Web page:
Last edited by Ken Bates; 11-07-2008 at 09:45 AM.

  24. #24
    Frank Mauck's Avatar
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    Default Re: GFCI for wet bar and bathroom

    Bruce,

    Need to find out when the bar sink and bathroom was installed. If they were installed before the 1993 code change went into affect,the wiring method meet code when it was installed and does not need to be changed now. When and/or they get remodeled in the future than they must be installed to the code that is inforced at the time of construction.

    Frank,


  25. #25
    Eric Shuman's Avatar
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    Default Re: GFCI for wet bar and bathroom

    Interesting topic.

    I wonder how other inspectors handle this on newly constructed homes.

    I see this on new construction inspections and one year old warranty inspections occasionally. If I trip the outlet in the laundry room or bar and it trips the bathroom outlets then I do note in the report that it is not up to current standards. Yes, I know we are not code compliance inspectors but I also know that a brand new house is required to meet current codes.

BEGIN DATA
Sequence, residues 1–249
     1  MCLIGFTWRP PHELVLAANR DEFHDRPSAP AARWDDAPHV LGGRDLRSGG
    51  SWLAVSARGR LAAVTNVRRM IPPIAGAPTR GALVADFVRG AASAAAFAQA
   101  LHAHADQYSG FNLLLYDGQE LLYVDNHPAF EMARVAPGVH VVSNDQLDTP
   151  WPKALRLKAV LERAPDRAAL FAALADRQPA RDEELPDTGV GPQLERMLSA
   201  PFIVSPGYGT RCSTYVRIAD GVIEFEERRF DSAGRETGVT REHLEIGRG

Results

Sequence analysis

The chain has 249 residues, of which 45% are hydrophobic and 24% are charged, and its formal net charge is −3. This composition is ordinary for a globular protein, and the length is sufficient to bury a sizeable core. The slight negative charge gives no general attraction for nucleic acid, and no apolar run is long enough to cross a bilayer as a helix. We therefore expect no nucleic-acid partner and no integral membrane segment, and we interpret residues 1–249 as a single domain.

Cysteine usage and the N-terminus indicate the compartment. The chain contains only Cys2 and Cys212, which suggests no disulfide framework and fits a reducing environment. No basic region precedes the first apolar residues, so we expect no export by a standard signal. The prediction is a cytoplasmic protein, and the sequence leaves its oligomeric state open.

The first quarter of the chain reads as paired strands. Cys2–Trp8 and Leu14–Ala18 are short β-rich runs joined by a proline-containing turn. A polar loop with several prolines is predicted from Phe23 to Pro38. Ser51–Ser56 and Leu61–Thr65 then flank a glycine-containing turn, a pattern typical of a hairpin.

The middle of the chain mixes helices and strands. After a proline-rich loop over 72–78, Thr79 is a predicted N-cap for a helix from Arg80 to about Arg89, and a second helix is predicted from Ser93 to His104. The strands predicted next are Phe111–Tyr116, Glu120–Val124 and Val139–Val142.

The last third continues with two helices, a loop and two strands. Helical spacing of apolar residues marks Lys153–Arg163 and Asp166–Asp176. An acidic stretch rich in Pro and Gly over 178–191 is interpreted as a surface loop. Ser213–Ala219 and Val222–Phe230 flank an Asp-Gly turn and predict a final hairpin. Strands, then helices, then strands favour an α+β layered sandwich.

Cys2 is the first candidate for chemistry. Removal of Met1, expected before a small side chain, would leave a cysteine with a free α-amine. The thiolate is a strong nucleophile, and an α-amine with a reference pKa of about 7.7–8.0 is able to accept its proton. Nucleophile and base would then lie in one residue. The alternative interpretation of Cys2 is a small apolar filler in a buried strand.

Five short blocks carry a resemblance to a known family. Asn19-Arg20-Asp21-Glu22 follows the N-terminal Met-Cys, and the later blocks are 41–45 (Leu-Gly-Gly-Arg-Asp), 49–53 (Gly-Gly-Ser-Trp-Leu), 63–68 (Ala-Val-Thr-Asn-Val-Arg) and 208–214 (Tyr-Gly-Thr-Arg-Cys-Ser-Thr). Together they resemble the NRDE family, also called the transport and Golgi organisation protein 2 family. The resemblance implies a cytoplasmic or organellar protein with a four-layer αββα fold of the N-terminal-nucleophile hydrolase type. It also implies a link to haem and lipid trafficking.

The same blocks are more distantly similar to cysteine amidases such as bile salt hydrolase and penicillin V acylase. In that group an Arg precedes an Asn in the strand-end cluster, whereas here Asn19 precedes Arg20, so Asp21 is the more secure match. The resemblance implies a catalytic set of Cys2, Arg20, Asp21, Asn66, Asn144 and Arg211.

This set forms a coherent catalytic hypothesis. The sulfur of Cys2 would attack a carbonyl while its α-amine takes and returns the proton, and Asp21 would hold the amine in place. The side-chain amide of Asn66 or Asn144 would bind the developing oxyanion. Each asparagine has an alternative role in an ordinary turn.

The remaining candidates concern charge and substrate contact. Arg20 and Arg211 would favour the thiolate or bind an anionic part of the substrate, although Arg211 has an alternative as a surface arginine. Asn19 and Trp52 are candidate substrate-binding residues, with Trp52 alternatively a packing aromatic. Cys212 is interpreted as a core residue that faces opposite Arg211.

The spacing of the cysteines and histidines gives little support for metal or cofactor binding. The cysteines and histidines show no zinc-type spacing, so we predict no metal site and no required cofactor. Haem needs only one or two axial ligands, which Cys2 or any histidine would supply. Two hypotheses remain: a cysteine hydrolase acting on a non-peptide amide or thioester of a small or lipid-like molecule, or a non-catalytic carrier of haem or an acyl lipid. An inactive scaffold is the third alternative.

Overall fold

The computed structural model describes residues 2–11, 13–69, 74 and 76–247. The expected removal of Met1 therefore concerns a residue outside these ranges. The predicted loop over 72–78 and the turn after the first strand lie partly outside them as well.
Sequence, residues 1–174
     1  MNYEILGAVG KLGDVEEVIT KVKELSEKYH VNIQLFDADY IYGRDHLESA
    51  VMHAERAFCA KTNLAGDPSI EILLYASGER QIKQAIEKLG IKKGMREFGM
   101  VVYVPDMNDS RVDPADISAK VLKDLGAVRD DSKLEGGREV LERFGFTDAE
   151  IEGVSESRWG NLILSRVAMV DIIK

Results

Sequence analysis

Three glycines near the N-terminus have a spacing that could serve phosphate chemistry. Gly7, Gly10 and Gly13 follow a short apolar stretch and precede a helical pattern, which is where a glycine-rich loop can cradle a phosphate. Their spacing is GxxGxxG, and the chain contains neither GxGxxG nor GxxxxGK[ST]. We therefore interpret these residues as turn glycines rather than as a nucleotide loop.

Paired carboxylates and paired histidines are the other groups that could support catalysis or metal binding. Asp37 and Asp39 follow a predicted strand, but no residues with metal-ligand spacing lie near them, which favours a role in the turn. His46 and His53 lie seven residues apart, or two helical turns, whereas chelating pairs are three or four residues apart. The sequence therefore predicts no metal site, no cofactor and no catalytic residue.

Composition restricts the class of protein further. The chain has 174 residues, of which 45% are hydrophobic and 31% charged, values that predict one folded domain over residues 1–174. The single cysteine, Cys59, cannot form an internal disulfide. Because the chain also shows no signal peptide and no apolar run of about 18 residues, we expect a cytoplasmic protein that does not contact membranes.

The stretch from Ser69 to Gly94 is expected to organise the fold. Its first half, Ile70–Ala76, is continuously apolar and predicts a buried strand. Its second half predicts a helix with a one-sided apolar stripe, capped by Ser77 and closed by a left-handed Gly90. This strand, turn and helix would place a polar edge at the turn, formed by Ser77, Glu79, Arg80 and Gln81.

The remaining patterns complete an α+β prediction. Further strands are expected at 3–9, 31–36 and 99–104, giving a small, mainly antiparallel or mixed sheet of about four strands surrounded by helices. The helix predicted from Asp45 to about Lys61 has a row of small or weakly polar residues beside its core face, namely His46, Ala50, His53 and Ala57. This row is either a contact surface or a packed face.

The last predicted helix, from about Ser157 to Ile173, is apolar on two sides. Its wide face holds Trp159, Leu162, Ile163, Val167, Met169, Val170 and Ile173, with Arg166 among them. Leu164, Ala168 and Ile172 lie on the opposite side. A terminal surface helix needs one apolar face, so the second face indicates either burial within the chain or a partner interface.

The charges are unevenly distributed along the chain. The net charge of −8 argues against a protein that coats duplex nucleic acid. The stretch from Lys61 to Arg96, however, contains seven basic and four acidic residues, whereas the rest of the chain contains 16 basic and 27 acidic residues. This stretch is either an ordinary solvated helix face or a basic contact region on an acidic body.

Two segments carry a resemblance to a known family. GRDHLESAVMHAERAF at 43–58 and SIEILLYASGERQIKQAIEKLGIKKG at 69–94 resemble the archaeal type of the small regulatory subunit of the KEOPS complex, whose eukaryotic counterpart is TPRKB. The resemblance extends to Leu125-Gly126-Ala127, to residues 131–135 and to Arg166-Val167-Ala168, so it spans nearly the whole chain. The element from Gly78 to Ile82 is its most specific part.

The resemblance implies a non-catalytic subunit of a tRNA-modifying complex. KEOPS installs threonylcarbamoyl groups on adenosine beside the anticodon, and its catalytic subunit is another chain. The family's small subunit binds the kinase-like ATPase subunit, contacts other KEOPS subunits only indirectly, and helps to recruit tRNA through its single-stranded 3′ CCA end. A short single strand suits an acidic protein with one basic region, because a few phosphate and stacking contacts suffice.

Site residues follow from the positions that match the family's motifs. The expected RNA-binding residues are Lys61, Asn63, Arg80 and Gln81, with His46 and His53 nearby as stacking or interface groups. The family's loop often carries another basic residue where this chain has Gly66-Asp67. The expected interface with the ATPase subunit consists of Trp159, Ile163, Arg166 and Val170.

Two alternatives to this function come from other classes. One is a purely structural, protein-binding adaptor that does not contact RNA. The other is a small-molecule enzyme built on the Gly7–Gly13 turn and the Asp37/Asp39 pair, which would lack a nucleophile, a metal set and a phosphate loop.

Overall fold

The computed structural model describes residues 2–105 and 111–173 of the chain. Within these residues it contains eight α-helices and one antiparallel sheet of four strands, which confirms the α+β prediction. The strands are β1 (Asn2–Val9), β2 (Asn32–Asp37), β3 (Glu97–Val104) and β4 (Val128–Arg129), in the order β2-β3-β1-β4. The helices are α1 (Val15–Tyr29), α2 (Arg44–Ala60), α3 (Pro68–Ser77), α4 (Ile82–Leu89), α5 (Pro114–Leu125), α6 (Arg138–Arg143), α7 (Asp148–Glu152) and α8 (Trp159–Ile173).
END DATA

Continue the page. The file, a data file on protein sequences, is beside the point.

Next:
I also have in my knowledge base the fact that the code says that having any other outlets on the bath circuit is not allowed (with the previously stated exception excluded). That is why I write it up, because it is not properly wired and I have observed it under my normal inspecting procedure of testing GFCIs. I state in my contract that I am not performing a "code compliance inspection" but that some issues observed may be code related.

    If I observe or find something I know to be wrong should I ignore the fact that the circuit wiring is wrong according to the standards the house was just built under, just because the safety protection of the GFCI is present?